[Table 1] presents baseline characteristics of the two groups of patients. Out of the total 200 patients (198 after excluding two patients), 167 had abnormal ECG and 31 had normal ECG at presentation. Age, sex distribution, diagnosis on admission-UA vs NSTEMI, diabetes, hypertension, and in-hospital mortality were not significantly different between both groups. Smokers had significantly higher odds of having an abnormal ECG (OR 3.31; 95% CI [1.29–8.50]).
Table 1: Baseline characteristics and in-hospital mortality

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Echocardiography and laboratory investigations

Comparison of LVEF and laboratory investigations is shown in [Table 2]. We found that patients with abnormal ECG had significantly lower LVEF compared to those with normal ECG (52.01 ± 10.56 vs. 55.96 ± 6.13%, P = 0.045). Random blood sugar on admission, low density lipoprotein (LDL) cholesterol, high density lipoprotein (HDL) cholesterol, hemoglobin, creatinine levels, and troponin positivity were comparable between both groups.
Table 2: Left ventricular ejection fraction and laboratory investigations

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Coronary angiography findings

[Table 3] shows the comparison of CAG findings and severity of CAD between the two groups. The patients with double vessel disease (DVD) and TVD had significantly higher odds (OR 9.0, 95% CI [2.18–37.13]) and (OR 5.69, 95% CI [1.54–20.98]) of abnormal ECG respectively. Similarly, the patients with severe CAD had significantly higher odds of abnormal ECG (OR 3.68, 95% CI [1.23–11.04]).
Table 3: Coronary angiography findings

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We also observed that LAD coronary artery was involved in 120 patients followed by left circumflex coronary artery (n = 67) and RCA (n = 67). Left main coronary artery (LMCA) was involved in 20 patients.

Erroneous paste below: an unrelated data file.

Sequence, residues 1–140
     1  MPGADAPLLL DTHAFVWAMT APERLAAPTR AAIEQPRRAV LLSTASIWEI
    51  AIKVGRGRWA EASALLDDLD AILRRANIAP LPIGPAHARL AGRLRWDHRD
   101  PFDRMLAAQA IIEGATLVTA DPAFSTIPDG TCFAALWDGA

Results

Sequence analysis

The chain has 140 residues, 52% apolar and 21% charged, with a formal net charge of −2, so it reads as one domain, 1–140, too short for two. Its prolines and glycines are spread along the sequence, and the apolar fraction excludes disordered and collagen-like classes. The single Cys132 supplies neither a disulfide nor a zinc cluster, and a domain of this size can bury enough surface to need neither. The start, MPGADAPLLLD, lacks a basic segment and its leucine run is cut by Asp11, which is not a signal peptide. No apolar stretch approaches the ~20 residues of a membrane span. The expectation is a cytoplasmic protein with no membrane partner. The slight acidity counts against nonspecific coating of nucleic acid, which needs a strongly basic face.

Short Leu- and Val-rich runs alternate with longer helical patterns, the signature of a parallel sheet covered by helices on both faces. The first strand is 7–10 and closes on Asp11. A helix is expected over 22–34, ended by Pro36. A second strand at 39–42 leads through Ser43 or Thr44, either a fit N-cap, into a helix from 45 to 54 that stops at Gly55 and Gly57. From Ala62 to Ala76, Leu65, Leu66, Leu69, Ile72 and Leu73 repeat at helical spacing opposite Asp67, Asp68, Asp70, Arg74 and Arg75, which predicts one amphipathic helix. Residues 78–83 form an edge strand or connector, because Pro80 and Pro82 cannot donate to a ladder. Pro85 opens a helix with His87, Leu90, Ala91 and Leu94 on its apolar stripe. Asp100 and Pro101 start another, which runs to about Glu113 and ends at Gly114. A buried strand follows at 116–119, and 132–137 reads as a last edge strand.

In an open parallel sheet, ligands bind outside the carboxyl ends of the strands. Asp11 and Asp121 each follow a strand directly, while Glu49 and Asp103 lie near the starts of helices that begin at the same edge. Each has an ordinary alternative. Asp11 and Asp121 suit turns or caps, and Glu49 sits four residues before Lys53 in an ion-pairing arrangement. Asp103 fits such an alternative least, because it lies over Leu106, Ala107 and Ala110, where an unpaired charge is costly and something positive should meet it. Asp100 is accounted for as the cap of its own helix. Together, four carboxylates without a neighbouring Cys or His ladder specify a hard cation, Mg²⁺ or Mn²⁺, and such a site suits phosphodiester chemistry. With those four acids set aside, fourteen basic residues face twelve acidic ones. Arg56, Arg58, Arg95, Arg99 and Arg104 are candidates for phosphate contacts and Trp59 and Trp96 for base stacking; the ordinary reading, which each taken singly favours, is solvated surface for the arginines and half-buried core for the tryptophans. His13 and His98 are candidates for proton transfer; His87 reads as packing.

In this study, sensitivity and specificity of an abnormal ECG in the detection of severity of CAD were 93.7% and 20%, respectively [Figure 1].
Figure 1: ROC curve showing sensitivity and specificity of an abnormal ECG in the detection of severity of CAD as 93.7% and 20% respectively. ROC = Reciever operating characterisctic, ECG = Electrocardiogram, CAD = Coronary artery disease

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Association between individual electrocardiogram abnormality and severity of coronary artery disease

[Table 4] shows the comparison of the four subgroups of the abnormal ECG group with the severity of CAD on CAG. We observed that ST depression and T-wave inversion in same or different leads was significantly associated with severity of CAD (OR 0.13, 95% CI [0.04–0.43], P = 0.001 and OR 0.13, 95% CI [0.03–0.46], P = 0.002, respectively).
Table 4: Association between individual electrocardiogram abnormality and severity of coronary artery disease

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   Discussion Top


The current study presents the profile of 200 patients with NST-ACS and tries to correlate the presenting ECG with the severity of CAD on CAG.

We found that 84% of patients of NST-ACS presented with an abnormal ECG at presentation. Sanaani et al.[20] showed that 53% of patients of NSTEMI presented with definite ischemic ECG changes. The lower incidence of ECG changes in this study was attributed to the inclusion of patients only with elevated troponin level and patients with single vessel disease (SVD). As we included patients with both UA and NSTEMI and patients with SVD, DVD, and TVD, we found higher ECG abnormalities in our study. In addition, it has been shown that documentation of ECG during chest pain is associated with higher number of ECG abnormalities.[18] This factor can also contribute to higher rate of ECG abnormalities in our study.